Fuel It

The first picture shows the difference between the '87 sending unit in comparison to our '91. Luckily, we were able to take what we needed off of the Holley unit and use the components on the factory sending unit. We also mounted the Edelbrock fuel pressure regulator on the firewall.

For the fuel system, we turned to Holley for its drop-in pump and sending unit (PN 12-308). Unfortunately, the ’91 Suburban’s fuel system is entirely different than the previous 1973-87 trucks that the pump was designed to fit. The good news is that since the ‘Burb was already a fuel-injected unit, we just needed to swap the fuel pump and wiring. We already had  high-pressure and return lines to use, making plumbing a breeze. The next step was to mount the Edelbrock fuel pressure regulator (PN 1729) on the firewall, connect the lines, and set the fuel pressure for 58-pounds. 

Just Add Oil

We were finally in the home stretch and just need to button everything up. For lubrication, we chose to go with Torco 10w30 weight, since our 5.3 has over 100,000 miles on the clock. Torco SR-1 is a 100-percent synthetic racing oil that is engineered to protect the engine even in extreme conditions. We also like the fact that Torco oil can provide more horsepower and torque due to minimal friction.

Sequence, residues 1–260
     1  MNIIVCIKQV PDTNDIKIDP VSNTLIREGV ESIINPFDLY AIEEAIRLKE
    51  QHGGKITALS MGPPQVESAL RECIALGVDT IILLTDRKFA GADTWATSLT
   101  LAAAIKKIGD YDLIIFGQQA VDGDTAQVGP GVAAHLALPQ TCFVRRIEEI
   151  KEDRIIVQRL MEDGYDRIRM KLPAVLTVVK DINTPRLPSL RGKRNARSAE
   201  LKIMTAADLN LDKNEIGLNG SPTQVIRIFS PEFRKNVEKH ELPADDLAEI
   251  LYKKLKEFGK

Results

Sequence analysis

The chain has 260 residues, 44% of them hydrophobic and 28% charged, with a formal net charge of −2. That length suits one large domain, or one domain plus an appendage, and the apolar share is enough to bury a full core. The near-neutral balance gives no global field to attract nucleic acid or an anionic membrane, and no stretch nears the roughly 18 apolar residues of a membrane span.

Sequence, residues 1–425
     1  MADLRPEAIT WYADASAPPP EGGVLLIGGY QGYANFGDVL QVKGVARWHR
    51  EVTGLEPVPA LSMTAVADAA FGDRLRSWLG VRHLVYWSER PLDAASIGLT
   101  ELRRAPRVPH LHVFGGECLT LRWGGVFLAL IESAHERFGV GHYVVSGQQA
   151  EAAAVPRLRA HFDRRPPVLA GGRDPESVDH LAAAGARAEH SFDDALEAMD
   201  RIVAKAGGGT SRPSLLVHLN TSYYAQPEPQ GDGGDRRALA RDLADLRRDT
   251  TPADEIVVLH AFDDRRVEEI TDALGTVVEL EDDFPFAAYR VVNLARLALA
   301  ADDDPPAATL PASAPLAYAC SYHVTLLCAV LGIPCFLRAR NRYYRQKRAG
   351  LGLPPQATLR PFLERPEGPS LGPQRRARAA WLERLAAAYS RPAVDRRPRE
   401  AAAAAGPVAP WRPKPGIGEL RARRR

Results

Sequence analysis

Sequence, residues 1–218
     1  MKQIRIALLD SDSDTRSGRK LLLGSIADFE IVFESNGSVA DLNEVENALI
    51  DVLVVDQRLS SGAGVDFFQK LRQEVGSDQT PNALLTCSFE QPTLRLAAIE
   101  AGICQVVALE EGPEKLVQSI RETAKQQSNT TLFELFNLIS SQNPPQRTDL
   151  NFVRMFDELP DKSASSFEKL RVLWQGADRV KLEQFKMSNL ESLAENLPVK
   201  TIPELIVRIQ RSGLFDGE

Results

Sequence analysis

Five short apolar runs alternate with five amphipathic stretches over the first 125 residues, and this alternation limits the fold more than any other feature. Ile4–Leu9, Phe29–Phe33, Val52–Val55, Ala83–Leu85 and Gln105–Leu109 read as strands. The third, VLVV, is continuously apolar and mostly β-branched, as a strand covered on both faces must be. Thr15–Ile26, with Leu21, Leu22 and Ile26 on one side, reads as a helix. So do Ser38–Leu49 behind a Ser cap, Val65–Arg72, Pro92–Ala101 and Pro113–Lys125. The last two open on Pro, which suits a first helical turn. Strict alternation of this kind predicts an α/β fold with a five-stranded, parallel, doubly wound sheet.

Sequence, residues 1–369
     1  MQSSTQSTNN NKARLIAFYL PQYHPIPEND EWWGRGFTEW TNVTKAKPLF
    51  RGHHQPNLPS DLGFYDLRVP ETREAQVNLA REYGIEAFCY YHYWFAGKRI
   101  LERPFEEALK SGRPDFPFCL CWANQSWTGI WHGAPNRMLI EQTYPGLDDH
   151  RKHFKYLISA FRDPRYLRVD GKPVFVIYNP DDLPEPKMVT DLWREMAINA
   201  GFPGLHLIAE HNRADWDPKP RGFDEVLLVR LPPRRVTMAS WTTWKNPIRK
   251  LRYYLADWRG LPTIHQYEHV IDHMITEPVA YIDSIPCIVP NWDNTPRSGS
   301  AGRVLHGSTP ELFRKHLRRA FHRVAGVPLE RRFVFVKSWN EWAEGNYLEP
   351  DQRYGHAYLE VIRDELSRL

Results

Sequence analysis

Crank It Up

After we added all of the fluids, checked vacuum lines, and made sure the hose ends were tight, it was time to fire the engine up. To do this, we went through the setup wizard on the Edelbrock Pro-Flo 4 tablet and answered a few simple questions. The tablet then transfers the data via Bluetooth to the ECU. We are also able to use the tablet to monitor the engine’s vitals in real-time while we drive. At this point, the system was ready to go. We hit the ignition switch, and immediately the 5.3 roared to life. The Comp Cams camshaft thumped away as the exhaust was sent out the Doug Thorley headers and Flowmaster mufflers.

 Driving Impressions

The 5.3-liter LS and 4l80e completely transformed the driving characteristics of the Suburban. The additional torque of the LS gets the heavy-weight off the line while the extra horsepower makes it a dream when dealing with passing slower-moving cars and merging with cars via on-ramps. It’s a completely different vehicle. While we love the added power of the engine combination, we also like the Bluetooth connectivity of the Edelbrock Pro-Flo 4 and TCI transmission controller. This wireless feature makes it easy to change the tune in the engine and transmission in a matter of seconds. You can also keep tabs on the engine and transmission vitals while rolling down the road.


Our LS installation was pretty straightforward, but any engine swap that you perform is going to have its share of issues. It could be a result of a lack of parts, wiring woes, uncharted territory, or any number of things. Just remember to expect the unexpected, and the odds that you can do an LS swap in a weekend are not very likely. Take our word for it. 


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About the author

Brian Havins

A gearhead for life, Brian is obsessed with all things fast. Banging gears, turning wrenches, and praying while spraying are just a few of his favorite things.